Podcast spotlight: From the Lighthouse
Established in 2017, From the Lighthouse is a fortnightly literary podcast produced by the English department at Macquarie University. Each episode is hosted by academics Dr Stephanie Russo and Dr Michelle Hamadache, who ‘love to talk about anything to do with books, from the latest bestsellers and prize-winners, film and television adaptations of books to bookish news’. Dr Jimmy Van—known as ‘the lighthouse keeper’—produces the podcast. Co-host Russo says, ‘From the Lighthouse was born when Michelle and I started doing short, discrete podcasts on the texts that our students were studying, as a kind of fun supplement to their lectures. We had so much fun recording them that I started to think about taking those discussions public.’ She spoke to Books+Publishing for our ‘podcast spotlight’ series.
For new or uninitiated listeners, describe your podcast in under 50 words.
Every week, we talk about something literary, whether that be a new release, a novel written 300 years ago or the latest literary news. We just love talking about books, really!
What makes your podcast unique?
Our podcast is unique because it’s a really nice mixture (at least, we think so!) of academic discussion about literature alongside popular discussion about literature. Our episodes are always informed by our research interests, but instead of presenting lectures, we’re interested in bringing those ideas to a wider, more general audience. So one week we might be talking about why Christopher Marlowe was attractive to post-structuralist critics in the 1980s, while in the next we’re talking about our thoughts on the Women’s Prize longlist. It’s really nice to be able to have those more populist discussions of literature but, at the same time, use our academic backgrounds to inform those discussions.
When and how did you get started in podcasting?
We had the support of our head of department, and so we just set up a small operation as a fun side project. At first we published episodes twice a week, but as we started to get more and more downloads, we switched to weekly to keep the momentum going. None of us are experts at this, but what makes it fun is that it’s just taking the discussions we have about books, and doing them in front of a microphone. Our enthusiasm for the material is what makes it fun to listen to.
Where and how is your podcast recorded (and how big is your team)?
We record in a studio on campus—it’s a very bare-bones operation! Michelle Hamadache and I are the hosts, and Jimmy Van is our producer, so he does all the technical stuff. We also bring in quite a few colleagues from the English department to help out. We’ve featured interviews with writers such as Michelle Cahill and former students such as Suvi Derkenne.
What kind of listeners does your podcast reach?
We’re actually quite astonished by the reach of our little podcast. We have listeners across the globe—we’re not even sure how they find us! First and foremost, we reach our students—we market to them quite heavily and often our episodes are structured around texts or ideas they might be studying.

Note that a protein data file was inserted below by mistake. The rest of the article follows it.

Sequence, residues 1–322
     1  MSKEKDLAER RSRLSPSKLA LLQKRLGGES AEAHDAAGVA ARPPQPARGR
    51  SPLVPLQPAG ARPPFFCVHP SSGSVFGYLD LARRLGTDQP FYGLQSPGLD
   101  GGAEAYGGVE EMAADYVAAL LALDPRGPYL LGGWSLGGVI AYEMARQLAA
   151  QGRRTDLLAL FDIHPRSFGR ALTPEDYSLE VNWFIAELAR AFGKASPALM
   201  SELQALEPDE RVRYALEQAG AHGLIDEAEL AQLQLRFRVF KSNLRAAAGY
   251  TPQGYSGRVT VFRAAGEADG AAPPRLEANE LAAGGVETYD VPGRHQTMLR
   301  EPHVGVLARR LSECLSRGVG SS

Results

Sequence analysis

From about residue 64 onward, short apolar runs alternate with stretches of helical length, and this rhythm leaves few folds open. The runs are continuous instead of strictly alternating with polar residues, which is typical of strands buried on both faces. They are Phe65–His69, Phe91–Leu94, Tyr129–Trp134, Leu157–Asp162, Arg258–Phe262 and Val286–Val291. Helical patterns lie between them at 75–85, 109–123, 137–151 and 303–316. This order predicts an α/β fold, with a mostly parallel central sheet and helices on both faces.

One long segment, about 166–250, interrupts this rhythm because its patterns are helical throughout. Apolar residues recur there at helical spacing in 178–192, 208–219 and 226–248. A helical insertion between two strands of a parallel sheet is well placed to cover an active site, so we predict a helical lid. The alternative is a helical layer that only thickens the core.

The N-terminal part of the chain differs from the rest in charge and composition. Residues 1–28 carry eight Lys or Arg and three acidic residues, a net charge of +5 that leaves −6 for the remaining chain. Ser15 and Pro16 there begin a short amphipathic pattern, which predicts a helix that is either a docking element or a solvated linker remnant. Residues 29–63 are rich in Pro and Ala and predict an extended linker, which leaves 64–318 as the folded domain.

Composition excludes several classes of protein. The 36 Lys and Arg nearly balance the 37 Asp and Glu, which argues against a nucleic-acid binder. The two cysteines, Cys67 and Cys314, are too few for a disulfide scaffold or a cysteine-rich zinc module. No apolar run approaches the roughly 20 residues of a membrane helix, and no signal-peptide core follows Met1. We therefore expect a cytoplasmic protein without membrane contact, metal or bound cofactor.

What have been your most popular guests or most memorable episodes?
I always have fun recording with Dr Lee O’Brien: we almost always run overtime because, for some reason, whenever we get together we just can’t stop talking! I think our most memorable episode, however, has to be the Valentine’s Day episode, where Michelle and one of our colleagues, Associate Professor Hsu-Ming Teo (an internationally famous romance scholar), got the giggles at the end of the episode. We were going to edit it out—you can even hear me say, ‘I guess we’ll just cut this bit?’—but in the end we decided to leave it in because it made us smile.
What recent trends have you noticed in podcasting? (Do you have any predictions for this format in the future?)
I think there’s been a huge, exciting surge in audio dramas. While nonfiction podcasts have been really big for the past couple of years, from Serial onward, it’s audio dramas that have really got me excited lately. I absolutely love Wolf 359 and Wooden Overcoats, but also enjoy The Black Tapes Podcast, Ghost in the Burbs and, of course, Welcome to Night Vale.
I’ve also noticed a huge surge in podcasts about cults, so maybe cults are the new hot thing in podcasts? Maybe podcasting is a cult …
Why do you think people are drawn to this format?
Audio is so intimate: you carry people around in your ears and listen to them talk. It’s really easy to forget that you don’t know the people talking. And audio is so easy to listen to. You can listen to podcasts exercising, brushing your teeth or pottering around the house. Even though I’m overwhelmed by options about what to listen to, it seems easier to fit podcasts in than sitting down and watching something on the television or the laptop.
How do you fund your podcast? Do you have plans to explore other funding options?
Macquarie University’s Department of English, where we all work, funds our podcast. We’re very lucky to have the support of our department head, Professor Antonina Harbus.
What plans do you have for your podcast going forward?
We’d like to get more students involved in the creation of podcasts. We’ve already had one student sit in on an interview, and we have plans to get more involved. We’d love it if students made their own audio dramas one day!
What other bookish podcasts should we be listening to, Australian or otherwise?
I really like All The Books for new book discussions, as well as Overdue and Backlisted podcast for discussion of older titles. The ABC’s The Bookshelf is always fun. I love listening to interviews with writers, so I enjoy shows like First Draft and Lit Up. I also adore Crime Writers On … for discussion of crime novels, TV and podcasts.
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Tags: podcast spotlight